Thursday, April 21, 2011

108 Cents on the Dollar Isn't Fair

A few adjustment in today's NY Times editorial: "77 108 Cents on the Dollar Isn't Fair":

In a disappointing defeat for women men, Senate Republicans worked overtime in December to ensure that a measure addressing gender-based wage discrimination never reached the Senate floor where it likely would have passed by a sizable majority. Fortunately, supporters of the Paycheck Fairness Act have not given up.

Last week, Senators Harry Reid, the majority leader from Nevada, and Barbara Mikulski, a Maryland Democrat, reintroduced the bill. Representative Rosa DeLauro, a Democrat of Connecticut, has reintroduced the legislation in the House.

Women Men now make up almost more than half of the American work force, but, according to data compiled by the Census Bureau,
James Chung of Reach Advisors, who has spent more than a year analyzing data from the Census Bureau's American Community Survey, single, unmarried, childless full-time female employees still make, on average, only 77 cents $1.08 for every $1 earned by men in America's largest cities.

The bill, a much-needed updating and strengthening of the nation’s half-century-old Equal Pay Act, would enhance remedies for victims of gender-based wage discrimination, shield employees from retaliation for sharing salary information with co-workers and require employers to show that wage differences are job-related rather than sex-based, and justified by business necessity.

President Obama has pledged to “keep up the fight” to pass the bill. In a recent radio address, he explained that he takes the issue personally, “as the father of two daughters a man who wants to see his girls young boys grow up in a world where there are no limits to what they can achieve.”
 
Women Men around the country — from both parties — need to speak up. Lawmakers might think twice about refusing to act if they knew that female male voters were taking down the names of those who would rather please corporate interests than stand up for a woman’s man's right to earn equal pay for equal work.  For young, single, unmarried childless women to be now earning $1.08 for every $1.00 earned by their male counterparts clearly demonstrates that paychecks for men and women are not equal, and that's why we need the Paycheck Fairness Act.  Simply put, 108 cents on the dollar just isn't fair.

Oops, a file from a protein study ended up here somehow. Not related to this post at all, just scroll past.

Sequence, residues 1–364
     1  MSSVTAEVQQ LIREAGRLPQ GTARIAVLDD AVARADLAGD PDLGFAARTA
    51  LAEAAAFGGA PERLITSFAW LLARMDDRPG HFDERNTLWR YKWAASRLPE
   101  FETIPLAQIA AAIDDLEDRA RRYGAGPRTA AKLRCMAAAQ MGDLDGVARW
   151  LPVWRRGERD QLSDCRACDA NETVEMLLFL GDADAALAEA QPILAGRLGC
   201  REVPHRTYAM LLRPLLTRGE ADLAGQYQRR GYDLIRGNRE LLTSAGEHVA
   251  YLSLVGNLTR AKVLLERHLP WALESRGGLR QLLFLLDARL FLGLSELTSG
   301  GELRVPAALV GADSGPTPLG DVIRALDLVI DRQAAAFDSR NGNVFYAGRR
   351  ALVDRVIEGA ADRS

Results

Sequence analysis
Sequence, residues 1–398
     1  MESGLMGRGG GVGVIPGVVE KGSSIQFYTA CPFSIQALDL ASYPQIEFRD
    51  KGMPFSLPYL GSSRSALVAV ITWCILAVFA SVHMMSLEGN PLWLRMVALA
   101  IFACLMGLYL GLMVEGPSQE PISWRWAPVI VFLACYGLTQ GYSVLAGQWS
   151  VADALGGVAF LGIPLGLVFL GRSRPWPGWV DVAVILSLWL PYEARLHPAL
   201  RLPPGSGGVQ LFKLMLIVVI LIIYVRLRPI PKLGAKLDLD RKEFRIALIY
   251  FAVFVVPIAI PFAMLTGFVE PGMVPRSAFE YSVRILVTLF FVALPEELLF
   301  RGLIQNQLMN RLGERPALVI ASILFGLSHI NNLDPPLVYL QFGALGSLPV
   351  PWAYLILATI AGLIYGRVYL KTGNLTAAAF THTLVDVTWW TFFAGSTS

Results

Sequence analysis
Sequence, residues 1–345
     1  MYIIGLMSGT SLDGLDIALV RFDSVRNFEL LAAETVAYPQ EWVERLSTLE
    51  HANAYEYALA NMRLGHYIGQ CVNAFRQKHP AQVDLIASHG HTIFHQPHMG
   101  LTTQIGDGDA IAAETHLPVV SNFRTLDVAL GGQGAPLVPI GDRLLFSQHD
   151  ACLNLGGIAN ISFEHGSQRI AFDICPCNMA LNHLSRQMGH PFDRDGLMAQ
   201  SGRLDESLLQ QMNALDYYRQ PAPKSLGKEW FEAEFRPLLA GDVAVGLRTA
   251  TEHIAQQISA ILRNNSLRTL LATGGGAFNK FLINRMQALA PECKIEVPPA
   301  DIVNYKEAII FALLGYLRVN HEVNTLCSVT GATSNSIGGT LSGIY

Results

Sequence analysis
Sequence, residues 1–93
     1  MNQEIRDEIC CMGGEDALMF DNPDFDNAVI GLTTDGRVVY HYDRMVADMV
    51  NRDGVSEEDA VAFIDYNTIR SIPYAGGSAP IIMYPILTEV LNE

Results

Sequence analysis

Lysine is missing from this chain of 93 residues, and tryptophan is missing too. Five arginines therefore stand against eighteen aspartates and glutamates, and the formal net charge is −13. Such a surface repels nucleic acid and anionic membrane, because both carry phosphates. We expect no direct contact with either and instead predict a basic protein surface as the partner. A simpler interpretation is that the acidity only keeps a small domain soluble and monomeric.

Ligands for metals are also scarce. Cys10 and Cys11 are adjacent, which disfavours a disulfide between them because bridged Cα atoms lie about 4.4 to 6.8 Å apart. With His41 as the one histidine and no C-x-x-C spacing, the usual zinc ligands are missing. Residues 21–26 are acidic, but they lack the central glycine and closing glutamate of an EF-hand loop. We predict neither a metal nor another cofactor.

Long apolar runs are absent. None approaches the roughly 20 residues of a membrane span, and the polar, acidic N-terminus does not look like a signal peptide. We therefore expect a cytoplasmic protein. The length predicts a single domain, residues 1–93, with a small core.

6 Comments:

At 4/22/2011 2:29 AM, Blogger PeakTrader said...

I noticed a comment that said if women were systematically underpaid, then employers would hire women instead of men.

Also, it went on to say women are more likely to balance home life with work (which I'm sure a lot of men appreciate).

However, the labor market prices-in all factors resulting in a fair wage. When the government intervenes, it tips the balance towards unfairness.

 
At 4/22/2011 7:08 AM, Blogger Bruce Hall said...

Hey, who's counting? No, really, who is doing this counting? Where does the data come from? Tax returns? Calculated from corporate data?

That's the problem with these data. They get manipulated just like climate data until the real numbers become unrecognizable. Of course, that's exactly what politicians and bureaucrats need to stick their fingers in the marketplace pie.

 
At 4/22/2011 10:06 AM, Blogger Sean said...

This an issue where's definitely with Dr Perry. Seriously, what the hell?

 
At 4/22/2011 10:53 PM, Blogger Jason said...

lol. You can feel the passion put into this one. So much passion....that the actual merits of the legislation cannot be discussed. Interesting.

 
At 4/24/2011 5:14 AM, Blogger kmg said...

I am glad more people are challenging the bogus 'pay gap' myth.

The fact that women tout this myth alone is evidence of economic illiteracy so great that even 77 cents on the dollar would be too much compensation.

Read 'The Misandry Bubble' here, to learn how female supremacism is dominating America :
http://www.singularity2050.com/2010/01/the-misandry-bubble.html

 
At 4/24/2011 11:49 PM, Blogger Stephen said...

The problem with so called "pay gap" data is the fallacy that money is the only thing that matters in life. Where is the analysis on nonpecuniary forms of compensation? Is the pursuit of the almighty dollar the only thing that counts to the left?

 

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